A hot shower and warm company at Mark and Taina’s place was just the ticket and, after dinner when Taina headed off to a meeting, Mark and I settled in to chat and watch a silly movie. What happened next was not only the quote of the day but probably the quote of the tour. The movie was about some American General in Afghanistan. I still can’t figure out of it was meant to be taken seriously or it was a giant wind-up, but, anyway, part way through, this guy is addressing a crowd of Afghani men. They have just told him that the best thing that he and the Americans can do for them is to leave the country immediately but he protests, “But we have come to bring you democracy, free elections, peace, security, to rebuild your devastated towns and cities. To enable you to live safely in your homes, so your children can go to school and get an education. We plan to help you build schools, shopping centres, tennis courts…” and so he went on. It all seemed so bizarre but, when he got to the “tennis courts” I couldn’t take it any more. I turned to Mark and asked, “Do the Taliban play tennis?” Without so much of a pause, he replied, “Yes, they do – religiously.” I nearly fell off the lounge!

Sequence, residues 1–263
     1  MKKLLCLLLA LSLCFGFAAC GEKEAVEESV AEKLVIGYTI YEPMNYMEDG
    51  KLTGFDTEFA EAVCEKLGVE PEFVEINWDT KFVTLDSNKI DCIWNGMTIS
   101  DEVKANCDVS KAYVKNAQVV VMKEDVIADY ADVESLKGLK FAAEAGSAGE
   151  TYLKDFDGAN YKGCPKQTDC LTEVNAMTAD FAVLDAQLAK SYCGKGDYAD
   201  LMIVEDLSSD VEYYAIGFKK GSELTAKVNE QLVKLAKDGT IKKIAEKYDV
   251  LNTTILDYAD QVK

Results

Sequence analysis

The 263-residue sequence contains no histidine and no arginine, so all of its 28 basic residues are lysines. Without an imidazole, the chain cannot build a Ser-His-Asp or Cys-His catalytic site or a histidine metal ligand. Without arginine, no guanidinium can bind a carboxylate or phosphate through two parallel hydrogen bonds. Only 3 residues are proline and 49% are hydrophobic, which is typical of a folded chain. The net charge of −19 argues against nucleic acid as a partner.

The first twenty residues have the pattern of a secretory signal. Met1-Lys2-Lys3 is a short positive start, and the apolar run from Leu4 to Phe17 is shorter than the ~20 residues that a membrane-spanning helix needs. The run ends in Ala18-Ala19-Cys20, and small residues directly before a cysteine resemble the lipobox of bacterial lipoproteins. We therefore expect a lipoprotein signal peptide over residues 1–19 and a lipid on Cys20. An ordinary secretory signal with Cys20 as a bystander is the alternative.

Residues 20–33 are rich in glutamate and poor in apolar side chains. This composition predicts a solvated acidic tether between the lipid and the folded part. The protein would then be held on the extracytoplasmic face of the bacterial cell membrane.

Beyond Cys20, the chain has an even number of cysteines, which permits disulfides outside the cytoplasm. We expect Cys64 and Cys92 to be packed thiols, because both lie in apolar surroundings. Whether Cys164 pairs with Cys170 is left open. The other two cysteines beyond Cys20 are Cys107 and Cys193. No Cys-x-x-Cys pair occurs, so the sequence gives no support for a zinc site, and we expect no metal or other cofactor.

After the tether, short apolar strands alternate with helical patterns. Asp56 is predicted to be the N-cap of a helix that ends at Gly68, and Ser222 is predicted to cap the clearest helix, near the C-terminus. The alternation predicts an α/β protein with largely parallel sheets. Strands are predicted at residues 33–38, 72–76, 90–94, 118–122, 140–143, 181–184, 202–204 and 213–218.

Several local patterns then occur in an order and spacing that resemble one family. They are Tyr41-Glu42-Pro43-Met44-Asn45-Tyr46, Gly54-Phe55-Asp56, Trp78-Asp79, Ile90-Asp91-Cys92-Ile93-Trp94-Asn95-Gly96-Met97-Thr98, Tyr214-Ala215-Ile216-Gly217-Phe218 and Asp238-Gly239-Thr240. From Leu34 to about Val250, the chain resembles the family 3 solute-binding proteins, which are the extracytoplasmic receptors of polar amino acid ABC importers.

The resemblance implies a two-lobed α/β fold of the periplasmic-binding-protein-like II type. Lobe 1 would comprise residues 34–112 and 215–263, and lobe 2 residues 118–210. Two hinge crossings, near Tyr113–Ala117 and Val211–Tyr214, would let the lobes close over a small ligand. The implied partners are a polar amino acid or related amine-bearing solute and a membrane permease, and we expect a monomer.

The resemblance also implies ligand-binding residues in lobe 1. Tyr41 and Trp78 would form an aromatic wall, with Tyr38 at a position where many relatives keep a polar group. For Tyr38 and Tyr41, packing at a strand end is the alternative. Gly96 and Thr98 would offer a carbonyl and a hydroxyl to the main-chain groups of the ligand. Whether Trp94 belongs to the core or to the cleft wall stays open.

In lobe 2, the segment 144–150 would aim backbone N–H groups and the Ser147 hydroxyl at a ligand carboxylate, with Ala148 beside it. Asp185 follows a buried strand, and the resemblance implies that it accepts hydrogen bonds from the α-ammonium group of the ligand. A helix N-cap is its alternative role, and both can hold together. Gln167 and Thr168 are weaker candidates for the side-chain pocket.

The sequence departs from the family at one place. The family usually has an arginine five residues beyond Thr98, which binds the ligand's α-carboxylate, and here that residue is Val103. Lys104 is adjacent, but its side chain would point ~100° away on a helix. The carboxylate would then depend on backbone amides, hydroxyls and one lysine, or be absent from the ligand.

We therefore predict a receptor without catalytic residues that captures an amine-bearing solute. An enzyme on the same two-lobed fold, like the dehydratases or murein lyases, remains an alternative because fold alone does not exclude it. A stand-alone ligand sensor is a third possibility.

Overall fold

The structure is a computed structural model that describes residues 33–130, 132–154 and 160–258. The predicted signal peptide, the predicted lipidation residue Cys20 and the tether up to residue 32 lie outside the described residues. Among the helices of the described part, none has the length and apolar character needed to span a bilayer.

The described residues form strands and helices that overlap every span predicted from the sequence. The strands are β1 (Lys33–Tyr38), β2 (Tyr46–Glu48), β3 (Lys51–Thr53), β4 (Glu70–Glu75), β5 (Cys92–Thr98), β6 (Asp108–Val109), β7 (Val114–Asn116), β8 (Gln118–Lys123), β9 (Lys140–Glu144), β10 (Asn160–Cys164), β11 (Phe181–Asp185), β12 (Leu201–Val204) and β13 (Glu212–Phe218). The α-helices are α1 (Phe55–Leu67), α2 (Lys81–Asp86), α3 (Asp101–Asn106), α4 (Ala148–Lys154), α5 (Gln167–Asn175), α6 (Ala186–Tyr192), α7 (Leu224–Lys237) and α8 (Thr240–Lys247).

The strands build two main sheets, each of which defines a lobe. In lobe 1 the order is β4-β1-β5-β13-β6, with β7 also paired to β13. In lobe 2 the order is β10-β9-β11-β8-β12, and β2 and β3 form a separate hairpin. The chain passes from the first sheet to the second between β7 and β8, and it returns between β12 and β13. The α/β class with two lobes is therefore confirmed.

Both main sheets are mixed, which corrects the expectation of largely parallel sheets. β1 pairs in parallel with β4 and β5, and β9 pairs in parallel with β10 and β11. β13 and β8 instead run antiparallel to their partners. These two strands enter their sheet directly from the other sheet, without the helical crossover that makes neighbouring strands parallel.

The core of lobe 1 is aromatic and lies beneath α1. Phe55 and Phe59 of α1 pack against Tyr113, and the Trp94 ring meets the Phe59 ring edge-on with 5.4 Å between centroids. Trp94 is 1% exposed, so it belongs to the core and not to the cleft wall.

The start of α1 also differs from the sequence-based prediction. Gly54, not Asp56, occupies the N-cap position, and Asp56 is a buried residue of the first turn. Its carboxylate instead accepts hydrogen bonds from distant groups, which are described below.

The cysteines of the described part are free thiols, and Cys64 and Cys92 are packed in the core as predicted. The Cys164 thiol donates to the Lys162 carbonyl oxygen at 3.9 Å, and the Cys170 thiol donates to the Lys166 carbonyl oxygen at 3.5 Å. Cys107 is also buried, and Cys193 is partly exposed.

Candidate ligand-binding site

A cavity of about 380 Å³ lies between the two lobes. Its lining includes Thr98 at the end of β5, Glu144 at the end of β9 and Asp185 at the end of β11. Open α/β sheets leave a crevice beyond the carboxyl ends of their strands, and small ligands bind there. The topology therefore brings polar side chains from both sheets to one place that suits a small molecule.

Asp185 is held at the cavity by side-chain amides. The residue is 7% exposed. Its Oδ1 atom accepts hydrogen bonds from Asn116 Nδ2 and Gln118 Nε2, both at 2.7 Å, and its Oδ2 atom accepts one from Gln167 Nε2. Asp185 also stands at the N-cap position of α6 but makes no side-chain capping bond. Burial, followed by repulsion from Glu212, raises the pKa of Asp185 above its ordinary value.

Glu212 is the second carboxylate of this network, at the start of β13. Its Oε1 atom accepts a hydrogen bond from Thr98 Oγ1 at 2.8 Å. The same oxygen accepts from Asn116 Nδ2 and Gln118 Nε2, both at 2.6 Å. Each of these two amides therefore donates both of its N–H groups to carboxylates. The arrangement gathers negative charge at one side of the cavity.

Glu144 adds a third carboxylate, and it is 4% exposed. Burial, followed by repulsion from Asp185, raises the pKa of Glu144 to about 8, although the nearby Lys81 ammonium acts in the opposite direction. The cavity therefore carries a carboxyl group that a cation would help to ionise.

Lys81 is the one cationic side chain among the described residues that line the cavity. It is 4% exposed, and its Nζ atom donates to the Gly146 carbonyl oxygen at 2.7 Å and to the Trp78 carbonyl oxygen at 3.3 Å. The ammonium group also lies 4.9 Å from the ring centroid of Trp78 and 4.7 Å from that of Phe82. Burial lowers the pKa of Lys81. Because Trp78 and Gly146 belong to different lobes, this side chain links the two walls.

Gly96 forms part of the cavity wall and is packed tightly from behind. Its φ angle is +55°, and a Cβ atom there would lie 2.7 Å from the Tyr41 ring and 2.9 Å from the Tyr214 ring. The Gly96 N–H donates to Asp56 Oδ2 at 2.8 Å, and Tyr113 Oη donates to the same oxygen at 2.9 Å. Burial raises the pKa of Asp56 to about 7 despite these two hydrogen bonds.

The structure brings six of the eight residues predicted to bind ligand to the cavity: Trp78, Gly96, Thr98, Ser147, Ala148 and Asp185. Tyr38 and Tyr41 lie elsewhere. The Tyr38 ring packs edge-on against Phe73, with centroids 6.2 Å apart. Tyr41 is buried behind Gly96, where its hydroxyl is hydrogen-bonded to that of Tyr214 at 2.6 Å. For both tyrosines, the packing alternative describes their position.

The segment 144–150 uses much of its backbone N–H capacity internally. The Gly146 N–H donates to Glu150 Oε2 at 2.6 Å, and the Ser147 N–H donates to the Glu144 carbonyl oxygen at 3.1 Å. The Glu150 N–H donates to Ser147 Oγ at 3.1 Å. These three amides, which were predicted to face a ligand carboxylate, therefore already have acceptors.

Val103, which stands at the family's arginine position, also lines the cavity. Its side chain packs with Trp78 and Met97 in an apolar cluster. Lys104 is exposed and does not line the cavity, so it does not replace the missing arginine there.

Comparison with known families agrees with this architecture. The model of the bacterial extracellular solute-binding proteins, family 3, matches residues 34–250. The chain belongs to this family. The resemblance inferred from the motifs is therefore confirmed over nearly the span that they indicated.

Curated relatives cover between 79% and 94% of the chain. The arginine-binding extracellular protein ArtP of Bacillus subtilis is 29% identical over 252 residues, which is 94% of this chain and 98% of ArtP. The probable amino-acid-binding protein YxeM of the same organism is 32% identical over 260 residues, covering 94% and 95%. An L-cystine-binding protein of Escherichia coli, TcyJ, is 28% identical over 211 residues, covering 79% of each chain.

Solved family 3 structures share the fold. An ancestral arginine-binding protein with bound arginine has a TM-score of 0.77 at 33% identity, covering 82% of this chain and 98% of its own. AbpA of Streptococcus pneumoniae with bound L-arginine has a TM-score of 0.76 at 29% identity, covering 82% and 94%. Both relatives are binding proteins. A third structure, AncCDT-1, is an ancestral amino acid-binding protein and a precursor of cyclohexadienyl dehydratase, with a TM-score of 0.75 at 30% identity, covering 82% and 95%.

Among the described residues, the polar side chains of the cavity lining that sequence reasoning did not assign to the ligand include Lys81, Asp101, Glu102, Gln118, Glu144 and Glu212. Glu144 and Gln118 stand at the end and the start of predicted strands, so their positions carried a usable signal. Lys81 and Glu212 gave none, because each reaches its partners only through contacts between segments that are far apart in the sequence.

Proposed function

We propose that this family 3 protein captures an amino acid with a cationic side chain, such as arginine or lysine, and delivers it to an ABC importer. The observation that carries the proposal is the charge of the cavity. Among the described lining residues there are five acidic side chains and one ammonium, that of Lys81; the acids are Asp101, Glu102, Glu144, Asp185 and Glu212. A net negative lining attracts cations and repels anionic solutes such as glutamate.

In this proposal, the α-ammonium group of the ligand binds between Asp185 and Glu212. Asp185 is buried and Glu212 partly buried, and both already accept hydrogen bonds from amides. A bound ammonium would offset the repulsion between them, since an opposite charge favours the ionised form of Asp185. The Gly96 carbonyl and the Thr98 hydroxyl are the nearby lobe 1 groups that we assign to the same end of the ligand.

It was 0 degrees when I cranked Rhonnda into life on Thursday morning. And I needed every bit of concentration that I could muster for what was to come. I’d already been warned that the condition of Thunderbolt’s Way was pretty poor these days, but no amount of warning could have prepared me for how diabolical a road it has become. Trying to find ANY sort of smooth path through the minefield of potholes is impossible; the road is a nightmare. Depressions and wash-aways constantly throw you off-line, often carrying you close to the broken-up edge of the road or onto the other side of the road. There is absolutely nothing to recommend it at the moment. It will require a massive injection of money to fix and I can’t really see that happening any time soon.
I was glad to roll into Gloucester and brekkie at the motorcycle-themed “Roadies Cafe”. Bucketts Way, about which I constantly carp because of its perpetual “Road Upgrades Taking Place In This Section” signs (none ever seem to) seemed almost smooth by comparison. Stroud Road through to Dungog is bumpy, tight and twisty but still worth the effort as is the back road that links Dungog to Gresford. Care needs to be taken but it’s still fun.
Gresford to Singleton and fuel then on to Broke Road and my stop for the night. Lenny, my old school mate, and his lovely wife, Pauline, are always welcoming and it was good to stop and refresh.